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Sports Nutrition

After Effects

Can you smell the sweat? Feel the wheeze in your lungs? You just delivered your body a pounding, and now you expect it to respond. Here’s how to maximize growth and recovery after a workout.


Though no less critical, the postworkout meal is, in many ways, easier than the preworkout meal. There’s no negotiating whole foods versus supplements, and there’s no fiddling with the timing. The postworkout meal should come as close to immediately after you put the last weight down as you can manage. You’re allowed to wipe your brow and take a few deep breaths, and then you should be in midswallow of your protein shake.

On days when you’re in a hurry, we’ll let you change out of your gym clothes, but if a shower is required and you’re the type who likes to get in a thorough shave, inspect your pores, lather from head to toe three times and practice your rendition of that song that’s stuck in your head, we heartily recommend that you scarf before you scrub. Once you hit a half-hour postworkout, that important yet fleeting nutrition window is slamming shut.


What should you eat, you ask? Well, not food, exactly. Whole foods take forever to travel through the top of the gastrointestinal tract, from your mouth through the esophagus to your stomach. Then they have to slosh around in there for a while, getting broken down, but it’s not even until they hit the small intestine that your body can reap the benefits of the nutrition they contain.

After workouts, muscles need immediate refueling; they can’t wait the hours that it would take for a chicken breast, as healthy as it is, to be broken down. Instead, supplements are the answer (with one exception).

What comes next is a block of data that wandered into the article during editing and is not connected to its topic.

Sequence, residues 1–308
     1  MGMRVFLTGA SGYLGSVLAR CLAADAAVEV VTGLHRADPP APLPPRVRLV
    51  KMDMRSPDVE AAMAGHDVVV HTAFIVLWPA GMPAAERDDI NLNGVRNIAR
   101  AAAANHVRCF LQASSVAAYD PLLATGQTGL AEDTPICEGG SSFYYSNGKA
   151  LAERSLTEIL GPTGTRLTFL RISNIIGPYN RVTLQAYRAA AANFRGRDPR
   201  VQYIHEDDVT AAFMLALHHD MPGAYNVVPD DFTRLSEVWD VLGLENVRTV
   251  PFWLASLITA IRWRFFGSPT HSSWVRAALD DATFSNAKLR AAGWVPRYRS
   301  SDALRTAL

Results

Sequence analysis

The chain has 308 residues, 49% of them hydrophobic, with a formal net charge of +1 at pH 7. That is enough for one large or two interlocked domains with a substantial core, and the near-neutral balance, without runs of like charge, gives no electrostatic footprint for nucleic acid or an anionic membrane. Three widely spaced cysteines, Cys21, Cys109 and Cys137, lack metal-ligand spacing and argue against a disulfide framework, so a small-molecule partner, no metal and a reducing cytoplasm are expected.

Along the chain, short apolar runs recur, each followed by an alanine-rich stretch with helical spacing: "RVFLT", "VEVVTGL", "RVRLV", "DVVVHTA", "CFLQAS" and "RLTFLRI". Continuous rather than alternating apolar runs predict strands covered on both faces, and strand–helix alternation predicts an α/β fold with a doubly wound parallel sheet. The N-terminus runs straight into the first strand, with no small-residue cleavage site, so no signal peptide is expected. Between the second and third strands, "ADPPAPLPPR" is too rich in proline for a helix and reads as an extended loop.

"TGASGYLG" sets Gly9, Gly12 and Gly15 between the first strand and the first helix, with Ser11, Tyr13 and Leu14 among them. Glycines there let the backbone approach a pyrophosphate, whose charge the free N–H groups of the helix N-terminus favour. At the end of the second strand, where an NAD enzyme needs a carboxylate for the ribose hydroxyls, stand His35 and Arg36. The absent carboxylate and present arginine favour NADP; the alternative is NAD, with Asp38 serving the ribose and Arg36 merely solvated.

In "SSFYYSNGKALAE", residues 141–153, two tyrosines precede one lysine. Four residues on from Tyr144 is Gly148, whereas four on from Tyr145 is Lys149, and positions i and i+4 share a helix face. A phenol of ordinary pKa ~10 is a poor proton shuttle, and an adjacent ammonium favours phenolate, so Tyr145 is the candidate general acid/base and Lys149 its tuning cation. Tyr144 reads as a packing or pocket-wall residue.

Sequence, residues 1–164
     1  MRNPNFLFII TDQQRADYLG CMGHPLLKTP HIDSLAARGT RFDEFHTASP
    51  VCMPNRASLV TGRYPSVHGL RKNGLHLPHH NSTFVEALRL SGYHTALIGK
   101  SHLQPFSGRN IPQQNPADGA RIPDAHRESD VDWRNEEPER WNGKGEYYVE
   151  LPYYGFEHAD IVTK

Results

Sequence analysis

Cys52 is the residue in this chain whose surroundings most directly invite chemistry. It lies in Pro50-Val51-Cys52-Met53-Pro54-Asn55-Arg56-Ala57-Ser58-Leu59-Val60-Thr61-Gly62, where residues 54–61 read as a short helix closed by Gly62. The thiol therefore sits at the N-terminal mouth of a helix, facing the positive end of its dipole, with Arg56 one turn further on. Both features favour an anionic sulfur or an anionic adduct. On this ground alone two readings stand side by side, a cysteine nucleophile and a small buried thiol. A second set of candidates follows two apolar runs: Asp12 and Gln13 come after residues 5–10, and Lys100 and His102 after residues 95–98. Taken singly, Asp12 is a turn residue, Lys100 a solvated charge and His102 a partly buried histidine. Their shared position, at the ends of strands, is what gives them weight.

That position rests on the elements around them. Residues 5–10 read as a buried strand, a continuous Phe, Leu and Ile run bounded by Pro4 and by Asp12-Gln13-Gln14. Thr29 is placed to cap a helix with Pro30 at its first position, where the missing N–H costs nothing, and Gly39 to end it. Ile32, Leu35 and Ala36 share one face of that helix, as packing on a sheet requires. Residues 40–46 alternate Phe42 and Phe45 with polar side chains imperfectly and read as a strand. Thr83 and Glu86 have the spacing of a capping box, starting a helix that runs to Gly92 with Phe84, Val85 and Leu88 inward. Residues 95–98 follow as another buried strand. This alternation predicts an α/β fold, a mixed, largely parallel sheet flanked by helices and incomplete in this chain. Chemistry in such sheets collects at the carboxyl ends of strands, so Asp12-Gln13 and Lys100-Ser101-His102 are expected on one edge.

Protein: The foundation of the postworkout meal, protein is what muscles are made of, and training with weights, ironically, rips up muscle tissue. Repairing that tissue is what makes it grow, and that process requires protein.

Decades of bodybuilding lore dictate that the postworkout protein of choice is whey. And after our rant about how timing is everything, you might expect us to greenlight this fast-digesting protein. However, newer research has swayed our opinion a bit. In a study published in the Journal of Strength and Conditioning Research in 2006, scientists found that subjects who drank a shake that contained whey and casein in a 1:1 ratio gained significantly more lean mass. That’s why we now recommend adding casein as well as whey to your postworkout shake.

But there’s another protein powder that’s a contender, and that’s soy. Yes, it’s taken its knocks over the years, and many men are still worried that its isoflavones, similar as they are to the female sex hormone estrogen, might magically morph them into women. We’re going to give these concerns one final “pshaw,” thanks to two recent studies, which found not only that soy has no effect on testosterone levels but also that it actually can raise growth-hormone levels, a boon for muscle growth.

Take: 40 grams of protein after workouts, with at least 20 grams always coming from whey and 20 grams from either casein or soy protein powders.